Objections to Sola Scriptura

Sola Scriptura is the belief that the Bible alone is the Word of God written and the ultimate authority in matters of faith and practice. But Roman Catholicism and cults such as Mormonism and the Jehovah’s Witnesses deny that the Bible alone is our ultimate authority. Catholicism believes that the sacred tradition of the church is equal in authority to Scripture. Mormonism proclaims that God has spoken through its prophets and Jehovah’s Witnesses claim that the teaching authority of their organization is to be followed without question. This article will examine some of the most common arguments used against the sufficiency of Scripture and demonstrate that they do not disprove the Protestant belief that the Bible alone is our ultimate authority now that the canon is closed.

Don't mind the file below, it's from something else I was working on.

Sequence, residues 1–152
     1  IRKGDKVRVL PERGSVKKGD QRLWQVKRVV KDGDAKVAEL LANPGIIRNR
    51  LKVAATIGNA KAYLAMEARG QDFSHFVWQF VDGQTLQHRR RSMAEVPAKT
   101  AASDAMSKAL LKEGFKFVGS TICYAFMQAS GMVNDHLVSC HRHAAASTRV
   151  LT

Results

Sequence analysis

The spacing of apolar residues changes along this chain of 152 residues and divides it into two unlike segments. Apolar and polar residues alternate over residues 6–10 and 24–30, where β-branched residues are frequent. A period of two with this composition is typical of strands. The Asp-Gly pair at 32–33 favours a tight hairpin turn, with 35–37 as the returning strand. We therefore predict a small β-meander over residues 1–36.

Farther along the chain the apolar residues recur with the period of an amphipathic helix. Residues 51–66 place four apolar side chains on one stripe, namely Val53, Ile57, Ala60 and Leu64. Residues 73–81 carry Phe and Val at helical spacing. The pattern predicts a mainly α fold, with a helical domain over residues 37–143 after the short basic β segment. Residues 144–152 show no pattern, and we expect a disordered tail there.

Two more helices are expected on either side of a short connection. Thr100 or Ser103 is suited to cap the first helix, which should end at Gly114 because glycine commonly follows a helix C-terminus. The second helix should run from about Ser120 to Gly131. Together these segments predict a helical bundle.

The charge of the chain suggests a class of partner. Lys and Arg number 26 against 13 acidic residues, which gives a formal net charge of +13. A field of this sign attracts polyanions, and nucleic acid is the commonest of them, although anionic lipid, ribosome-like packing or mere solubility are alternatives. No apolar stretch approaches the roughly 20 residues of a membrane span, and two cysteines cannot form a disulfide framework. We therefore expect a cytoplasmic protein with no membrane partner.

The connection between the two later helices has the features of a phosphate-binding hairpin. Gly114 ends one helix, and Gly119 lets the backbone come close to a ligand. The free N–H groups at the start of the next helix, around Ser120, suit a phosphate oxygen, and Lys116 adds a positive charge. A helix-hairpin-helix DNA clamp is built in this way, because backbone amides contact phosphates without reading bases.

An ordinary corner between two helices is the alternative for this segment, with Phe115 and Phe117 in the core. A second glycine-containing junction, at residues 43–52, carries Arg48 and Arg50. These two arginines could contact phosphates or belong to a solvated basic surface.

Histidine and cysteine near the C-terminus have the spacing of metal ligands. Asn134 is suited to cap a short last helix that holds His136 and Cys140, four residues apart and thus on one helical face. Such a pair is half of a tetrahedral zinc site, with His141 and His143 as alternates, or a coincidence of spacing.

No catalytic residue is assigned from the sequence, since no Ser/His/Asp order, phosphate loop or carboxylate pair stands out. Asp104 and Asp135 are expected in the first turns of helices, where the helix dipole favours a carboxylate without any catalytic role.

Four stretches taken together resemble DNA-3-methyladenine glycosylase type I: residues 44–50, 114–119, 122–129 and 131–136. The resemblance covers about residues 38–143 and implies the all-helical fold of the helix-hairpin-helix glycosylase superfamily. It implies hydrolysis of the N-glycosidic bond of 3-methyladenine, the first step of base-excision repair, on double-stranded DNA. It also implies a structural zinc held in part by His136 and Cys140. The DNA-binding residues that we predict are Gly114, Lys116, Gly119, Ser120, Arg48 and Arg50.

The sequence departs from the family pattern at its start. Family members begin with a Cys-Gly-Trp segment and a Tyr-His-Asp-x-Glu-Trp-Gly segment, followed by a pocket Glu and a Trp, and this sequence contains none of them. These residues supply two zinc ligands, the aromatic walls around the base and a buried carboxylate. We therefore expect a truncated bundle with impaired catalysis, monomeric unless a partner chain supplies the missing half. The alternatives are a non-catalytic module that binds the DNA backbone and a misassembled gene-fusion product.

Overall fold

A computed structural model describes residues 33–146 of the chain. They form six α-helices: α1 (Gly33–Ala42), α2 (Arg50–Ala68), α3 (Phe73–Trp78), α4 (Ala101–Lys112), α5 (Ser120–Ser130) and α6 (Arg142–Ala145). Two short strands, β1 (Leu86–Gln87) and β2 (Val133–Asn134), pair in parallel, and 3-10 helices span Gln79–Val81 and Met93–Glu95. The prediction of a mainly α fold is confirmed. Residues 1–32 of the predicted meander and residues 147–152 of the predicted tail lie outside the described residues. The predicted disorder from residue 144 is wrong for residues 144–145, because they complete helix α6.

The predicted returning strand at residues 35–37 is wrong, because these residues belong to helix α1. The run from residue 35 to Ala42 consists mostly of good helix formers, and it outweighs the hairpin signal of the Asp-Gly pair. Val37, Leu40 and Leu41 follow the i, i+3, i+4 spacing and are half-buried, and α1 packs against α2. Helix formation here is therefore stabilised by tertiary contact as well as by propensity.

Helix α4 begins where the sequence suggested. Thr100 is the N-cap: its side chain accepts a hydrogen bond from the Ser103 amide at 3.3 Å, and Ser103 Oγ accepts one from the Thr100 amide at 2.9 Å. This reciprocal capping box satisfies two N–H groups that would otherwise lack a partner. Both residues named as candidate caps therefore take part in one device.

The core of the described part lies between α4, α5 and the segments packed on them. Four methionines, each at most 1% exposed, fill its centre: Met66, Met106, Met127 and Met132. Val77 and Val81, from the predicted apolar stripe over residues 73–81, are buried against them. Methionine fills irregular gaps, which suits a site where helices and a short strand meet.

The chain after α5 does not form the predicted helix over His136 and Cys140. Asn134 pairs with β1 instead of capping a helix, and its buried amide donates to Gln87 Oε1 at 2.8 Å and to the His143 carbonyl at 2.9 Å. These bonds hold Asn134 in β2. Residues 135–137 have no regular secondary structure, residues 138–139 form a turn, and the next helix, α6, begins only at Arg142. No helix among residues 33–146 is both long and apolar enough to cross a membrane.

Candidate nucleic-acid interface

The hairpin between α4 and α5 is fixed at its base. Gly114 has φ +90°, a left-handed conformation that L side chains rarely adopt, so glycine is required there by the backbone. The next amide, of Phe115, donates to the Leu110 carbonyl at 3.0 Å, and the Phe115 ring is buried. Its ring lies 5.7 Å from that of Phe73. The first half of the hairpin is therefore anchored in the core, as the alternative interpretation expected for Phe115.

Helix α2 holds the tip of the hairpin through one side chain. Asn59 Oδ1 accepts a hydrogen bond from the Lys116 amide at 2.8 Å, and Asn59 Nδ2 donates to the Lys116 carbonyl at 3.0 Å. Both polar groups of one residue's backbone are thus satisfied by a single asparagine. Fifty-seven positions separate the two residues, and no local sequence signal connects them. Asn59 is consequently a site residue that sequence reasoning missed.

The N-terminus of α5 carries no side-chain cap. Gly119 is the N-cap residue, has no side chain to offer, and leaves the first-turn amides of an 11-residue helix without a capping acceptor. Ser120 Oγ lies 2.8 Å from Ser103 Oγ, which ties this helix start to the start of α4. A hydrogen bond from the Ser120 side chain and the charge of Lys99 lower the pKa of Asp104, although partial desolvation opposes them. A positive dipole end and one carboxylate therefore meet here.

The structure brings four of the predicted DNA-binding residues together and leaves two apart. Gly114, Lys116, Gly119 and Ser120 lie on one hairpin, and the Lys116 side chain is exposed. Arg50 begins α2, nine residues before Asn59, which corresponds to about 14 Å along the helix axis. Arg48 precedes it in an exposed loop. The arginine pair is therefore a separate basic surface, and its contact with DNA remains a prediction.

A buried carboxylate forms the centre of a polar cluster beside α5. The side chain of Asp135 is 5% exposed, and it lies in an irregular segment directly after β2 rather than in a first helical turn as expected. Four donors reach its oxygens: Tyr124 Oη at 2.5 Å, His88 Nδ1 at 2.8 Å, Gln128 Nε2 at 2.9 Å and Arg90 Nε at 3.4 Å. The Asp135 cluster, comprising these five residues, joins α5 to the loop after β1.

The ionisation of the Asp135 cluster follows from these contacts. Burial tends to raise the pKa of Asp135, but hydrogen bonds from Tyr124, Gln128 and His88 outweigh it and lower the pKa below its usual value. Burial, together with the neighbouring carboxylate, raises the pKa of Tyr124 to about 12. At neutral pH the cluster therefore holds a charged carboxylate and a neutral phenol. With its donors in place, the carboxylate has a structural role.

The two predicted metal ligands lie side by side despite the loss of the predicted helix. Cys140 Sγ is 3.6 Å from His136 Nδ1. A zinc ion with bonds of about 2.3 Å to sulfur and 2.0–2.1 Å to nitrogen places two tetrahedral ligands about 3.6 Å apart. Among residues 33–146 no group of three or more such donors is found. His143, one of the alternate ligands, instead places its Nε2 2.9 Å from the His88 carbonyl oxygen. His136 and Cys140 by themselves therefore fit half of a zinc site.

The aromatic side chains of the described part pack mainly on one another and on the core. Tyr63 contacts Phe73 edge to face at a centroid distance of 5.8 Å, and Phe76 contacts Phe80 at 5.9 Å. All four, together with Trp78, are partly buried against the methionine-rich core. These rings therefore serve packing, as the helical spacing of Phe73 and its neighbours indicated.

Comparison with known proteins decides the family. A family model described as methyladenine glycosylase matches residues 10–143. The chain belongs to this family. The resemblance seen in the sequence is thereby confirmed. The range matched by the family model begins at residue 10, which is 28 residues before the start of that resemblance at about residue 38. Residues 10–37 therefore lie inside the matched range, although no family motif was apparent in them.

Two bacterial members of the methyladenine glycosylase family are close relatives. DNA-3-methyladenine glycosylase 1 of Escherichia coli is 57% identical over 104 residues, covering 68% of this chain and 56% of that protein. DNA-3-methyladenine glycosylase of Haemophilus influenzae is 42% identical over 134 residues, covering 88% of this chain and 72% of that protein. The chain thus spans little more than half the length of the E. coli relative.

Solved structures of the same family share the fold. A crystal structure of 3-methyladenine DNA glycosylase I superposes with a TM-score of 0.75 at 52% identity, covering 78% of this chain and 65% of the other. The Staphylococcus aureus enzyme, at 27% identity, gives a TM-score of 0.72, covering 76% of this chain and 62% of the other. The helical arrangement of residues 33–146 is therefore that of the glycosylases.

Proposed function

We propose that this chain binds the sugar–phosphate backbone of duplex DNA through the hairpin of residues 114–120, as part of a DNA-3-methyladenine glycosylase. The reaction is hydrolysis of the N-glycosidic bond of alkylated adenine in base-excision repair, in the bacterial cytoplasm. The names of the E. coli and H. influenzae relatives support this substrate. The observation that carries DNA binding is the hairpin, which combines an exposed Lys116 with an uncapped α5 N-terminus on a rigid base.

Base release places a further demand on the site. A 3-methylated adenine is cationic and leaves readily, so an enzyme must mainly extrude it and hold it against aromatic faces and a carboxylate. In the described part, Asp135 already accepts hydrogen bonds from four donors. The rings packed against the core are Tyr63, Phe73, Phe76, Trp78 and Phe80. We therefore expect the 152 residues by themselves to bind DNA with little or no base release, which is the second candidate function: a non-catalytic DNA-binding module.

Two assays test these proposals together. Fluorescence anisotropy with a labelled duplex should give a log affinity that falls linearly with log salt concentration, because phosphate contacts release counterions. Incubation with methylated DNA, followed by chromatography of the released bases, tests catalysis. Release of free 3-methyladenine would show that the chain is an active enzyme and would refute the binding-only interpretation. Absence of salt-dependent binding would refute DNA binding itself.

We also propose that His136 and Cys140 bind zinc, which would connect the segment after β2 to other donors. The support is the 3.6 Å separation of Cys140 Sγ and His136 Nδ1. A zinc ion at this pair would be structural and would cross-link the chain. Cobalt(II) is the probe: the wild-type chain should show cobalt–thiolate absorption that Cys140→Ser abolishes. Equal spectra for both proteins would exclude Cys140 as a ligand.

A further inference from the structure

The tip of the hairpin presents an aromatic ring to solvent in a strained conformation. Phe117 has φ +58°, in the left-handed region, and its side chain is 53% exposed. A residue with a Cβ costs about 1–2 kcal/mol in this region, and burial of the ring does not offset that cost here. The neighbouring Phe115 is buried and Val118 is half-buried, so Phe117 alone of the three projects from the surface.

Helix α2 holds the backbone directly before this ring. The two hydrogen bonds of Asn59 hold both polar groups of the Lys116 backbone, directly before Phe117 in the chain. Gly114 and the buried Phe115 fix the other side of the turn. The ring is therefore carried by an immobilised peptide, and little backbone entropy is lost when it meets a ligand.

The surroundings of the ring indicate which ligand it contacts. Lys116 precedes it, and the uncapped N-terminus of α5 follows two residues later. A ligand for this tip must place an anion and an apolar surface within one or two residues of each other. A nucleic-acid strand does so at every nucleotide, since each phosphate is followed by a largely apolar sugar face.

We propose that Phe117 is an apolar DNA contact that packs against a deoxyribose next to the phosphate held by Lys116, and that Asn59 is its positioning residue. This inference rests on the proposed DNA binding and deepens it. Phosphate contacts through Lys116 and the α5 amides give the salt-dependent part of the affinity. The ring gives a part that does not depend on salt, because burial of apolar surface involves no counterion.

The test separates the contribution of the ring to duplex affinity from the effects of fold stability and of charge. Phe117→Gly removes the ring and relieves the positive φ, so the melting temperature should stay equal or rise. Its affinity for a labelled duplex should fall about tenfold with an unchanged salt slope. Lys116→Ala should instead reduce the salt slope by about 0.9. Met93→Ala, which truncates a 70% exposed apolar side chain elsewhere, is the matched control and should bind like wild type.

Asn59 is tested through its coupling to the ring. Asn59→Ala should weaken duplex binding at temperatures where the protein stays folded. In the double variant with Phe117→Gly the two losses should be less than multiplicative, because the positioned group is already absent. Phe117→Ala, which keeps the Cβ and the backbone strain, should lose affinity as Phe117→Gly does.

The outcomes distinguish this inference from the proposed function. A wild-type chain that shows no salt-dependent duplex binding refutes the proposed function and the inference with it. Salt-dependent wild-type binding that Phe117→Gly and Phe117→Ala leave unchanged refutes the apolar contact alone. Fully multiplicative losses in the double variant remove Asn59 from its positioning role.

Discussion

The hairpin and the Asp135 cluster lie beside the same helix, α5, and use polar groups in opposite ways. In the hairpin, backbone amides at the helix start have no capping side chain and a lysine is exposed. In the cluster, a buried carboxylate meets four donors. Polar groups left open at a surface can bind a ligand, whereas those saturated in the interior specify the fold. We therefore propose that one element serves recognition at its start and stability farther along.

The most commonly cited verse used to argue against sola Scriptura is 2 Thessalonians 2:15: “So then, brothers, stand firm and hold to the traditions that you were taught by us, either by our spoken word or by our letter.” The argument then goes, “The traditions of the apostles were taught to the church in both a written form and through the oral tradition of the church. The church’s oral tradition is passed down through the centuries as 2 Timothy 2:2 states: ‘And what you have heard from me in the presence of many witnesses entrust to faithful men who will be able to teach others also.’ Only the Catholic Church has this oral tradition which proves that it is the true church.” But the false assumption that is being made in this argument is that “our spoken word” in 2 Thessalonians 2:15 is equivalent to the Catholic concept of oral tradition. And even if this verse does disprove sola Scriptura, it would not prove the truthfulness of the Catholic Church’s oral tradition or its claims about the papacy. In the context of 2 Thessalonians 2:15, the traditions Paul is talking about are not teachings found outside of the pages of the Bible, but the truths of the entire chapter of 2 Thessalonians 2 about the man of sin and the truths of the gospel in verses 13-14. Paul communicated this one body of traditions in two different ways: his preaching in person while in Thessalonica and in his letters which include 1 and 2 Thessalonians. This tradition includes admonitions against idleness which he makes reference to later in the letter: “Keep away from any brother who is walking in idleness and not in accord with the tradition that you received from us” (2 Thess 3:6). The message Paul preached among them and what he wrote in his letters is one and the same. The traditions of the apostles are not teachings found outside the pages of the Bible, but are the very words of the apostles as found in their letters.